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I would like to perform a Fixed effect logit estimation in R. Can someone point out a package that can do the job?

Note: For the time being I'm not really interested in the random effect.

Update;

Essentially I wonder if there is the plm package for a binary response model.

Here is some documentation for the plm package:

http://cran.r-project.org/web/packages/plm/index.html
http://dss.princeton.edu/training/Panel101.pdf

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  • $\begingroup$ It might help to post the head() of your data. $\endgroup$
    – Jack Ryan
    Mar 26, 2014 at 18:09

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There is a new R Package called "bife" that performs Fixed Effects binary logit Models.

https://cran.r-project.org/web/packages/bife/vignettes/howto.html

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    $\begingroup$ While this link may answer the question, it is better to include the essential parts of the answer here and provide the link for reference. Link-only answers can become invalid if the linked page changes. - From Review $\endgroup$
    – Sycorax
    Oct 1, 2016 at 15:47
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    $\begingroup$ Sycorax, in general you're right, but the question was "Can someone point out a package that can do the job?". Therefore, I don't see why my answer doesn't include "the essential parts of the answer here". $\endgroup$
    – theRman
    Oct 8, 2016 at 20:46
  • $\begingroup$ Thanks for the link. I think the package is best for FE logit model in R. However, I want to include lags of dependent & independent variables in logit regression of daily time series dataset. Is there any package for it? $\endgroup$ Oct 3, 2017 at 8:43
  • $\begingroup$ looks like the link changed... :D $\endgroup$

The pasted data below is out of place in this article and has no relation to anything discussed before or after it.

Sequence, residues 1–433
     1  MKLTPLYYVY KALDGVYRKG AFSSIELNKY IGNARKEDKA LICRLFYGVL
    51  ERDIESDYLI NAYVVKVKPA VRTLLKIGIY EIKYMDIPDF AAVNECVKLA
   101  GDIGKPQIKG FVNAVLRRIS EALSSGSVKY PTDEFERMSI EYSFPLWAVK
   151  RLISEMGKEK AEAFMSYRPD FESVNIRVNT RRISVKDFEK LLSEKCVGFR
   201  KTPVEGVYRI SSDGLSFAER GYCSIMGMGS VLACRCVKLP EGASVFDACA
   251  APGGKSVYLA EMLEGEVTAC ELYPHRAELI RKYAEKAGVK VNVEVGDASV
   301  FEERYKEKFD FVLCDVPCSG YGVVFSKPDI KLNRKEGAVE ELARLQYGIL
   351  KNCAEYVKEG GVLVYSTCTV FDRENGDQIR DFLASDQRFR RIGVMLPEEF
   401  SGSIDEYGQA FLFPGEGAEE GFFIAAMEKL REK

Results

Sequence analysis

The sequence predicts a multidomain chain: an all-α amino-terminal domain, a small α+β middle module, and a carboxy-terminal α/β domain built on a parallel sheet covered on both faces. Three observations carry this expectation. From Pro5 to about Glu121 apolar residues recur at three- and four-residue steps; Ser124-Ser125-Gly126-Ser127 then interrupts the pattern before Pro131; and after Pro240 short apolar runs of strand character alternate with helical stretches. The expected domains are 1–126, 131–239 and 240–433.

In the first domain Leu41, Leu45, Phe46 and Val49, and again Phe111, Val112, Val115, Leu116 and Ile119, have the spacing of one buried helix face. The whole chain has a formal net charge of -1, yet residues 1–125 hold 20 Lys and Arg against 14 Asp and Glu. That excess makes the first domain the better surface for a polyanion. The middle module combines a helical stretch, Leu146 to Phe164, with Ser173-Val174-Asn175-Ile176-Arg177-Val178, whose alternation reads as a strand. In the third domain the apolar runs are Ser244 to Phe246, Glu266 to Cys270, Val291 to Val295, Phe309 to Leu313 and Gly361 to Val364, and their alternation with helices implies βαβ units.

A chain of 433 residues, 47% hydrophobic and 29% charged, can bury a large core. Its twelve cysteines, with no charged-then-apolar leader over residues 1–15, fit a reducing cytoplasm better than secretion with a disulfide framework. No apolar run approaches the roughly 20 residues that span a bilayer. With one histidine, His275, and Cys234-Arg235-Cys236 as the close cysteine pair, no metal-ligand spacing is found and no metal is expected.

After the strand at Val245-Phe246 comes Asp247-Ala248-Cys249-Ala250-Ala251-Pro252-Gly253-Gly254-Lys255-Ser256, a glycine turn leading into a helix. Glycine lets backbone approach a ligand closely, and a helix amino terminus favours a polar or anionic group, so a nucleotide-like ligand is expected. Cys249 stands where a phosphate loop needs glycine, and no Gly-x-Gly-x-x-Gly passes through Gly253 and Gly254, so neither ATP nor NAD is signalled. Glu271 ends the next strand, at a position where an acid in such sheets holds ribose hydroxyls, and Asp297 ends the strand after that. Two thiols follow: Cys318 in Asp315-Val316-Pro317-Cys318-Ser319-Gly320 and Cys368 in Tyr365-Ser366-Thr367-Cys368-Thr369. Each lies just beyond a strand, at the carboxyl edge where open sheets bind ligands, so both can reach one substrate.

– Jakob
    Sep 3, 2019 at 15:37
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    $\begingroup$ Be careful to those reading this as the correct answer and read the other answers below. The bife package performs the demeaned/dummy variable version of fixed effects but using a logistic function. This is not quite analogous to how this operation works for a linear model and the math breaks down (see generic_user's answer below). As Glen_b says below, usually when economists etc refer to "logistic model with fixed effects" they are referring to a conditional logistic regression as in the xtlogit command in STATA. the clogit command in the survival package is closer. $\endgroup$ Jun 5, 2021 at 2:54
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If you mean logistic regression, for example, along the lines of

$Y_i\sim\text{Bernoulli}(1,p_i)\,$, with

$\text{logit}(p_i) = X\beta\,$,

(equivalently, $P[Y_i=1] = \frac{\exp(X\beta)}{1+\exp(X\beta)},$)

then use glm. For example:

glm(y~x1+x2,family=binomial)

There are examples in the help at ?glm.predict, ?infert and ?esoph.

If you mean fitting a logistic curve via least squares, like

$E(Y) = \alpha \cdot(\frac{\exp(\beta_0+\beta_1 x)}{1+\exp(\beta_0+\beta_1 x)})$

then use nls. There's an example of fitting a logistic function in the help at ?nls.

Both are part of the standard R installation.

If you mean something else, you need to clarify what you want.


I see from this answer that apparently economists use 'fixed effect model' to refer to a conditional logit model, even though it's far from the only fixed effect model involving a logit. Who would have thought.

As ndoogan mentions in one of the other answers, there's a conditional logistic regression model (clogit) in the survival package.

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I'm almost certain that you mean conditional logistic regression. This will estimate the within-group relationship between your independent variables and your binary dependent variable. It's similar to adding a dummy for each individual (as in fixed effects). In which case, use the clogit() function in the survival package that is included with R.

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Standard fixed effects assumptions break down in nonlinear models (like logit).

When you can assume gaussian disturbance, you can model: $$ y_{it} = X_{it}\beta + u_{it}\\ y_{it} = X_{it}\beta + \alpha_i + \epsilon_{it}\\ y_{it} - \bar{y}_i = (X_{it}-\bar{X}_i) \beta + \alpha_i - \bar\alpha_i + \epsilon_{it} -\bar\epsilon_i\\ y_{it}^{dm} = X_{it}^{dm} \beta + \epsilon_{it}^{dm} $$ where $dm$ is the deviation from the mean. This is the within transformation. You get rid of all of your time-invariant heterogeneity, and if you can make an argument that $E[\epsilon_{it}|X,\alpha]=0$, then $\beta$ gets a causal interpretation.

Try this math with a logit link functions and you'll see that it all breaks down. Other approaches exist -- one of the other answerers suggested conditional logit.

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  • $\begingroup$ This is true but hardly comes close to answering the question. $\endgroup$ Mar 22, 2020 at 10:12

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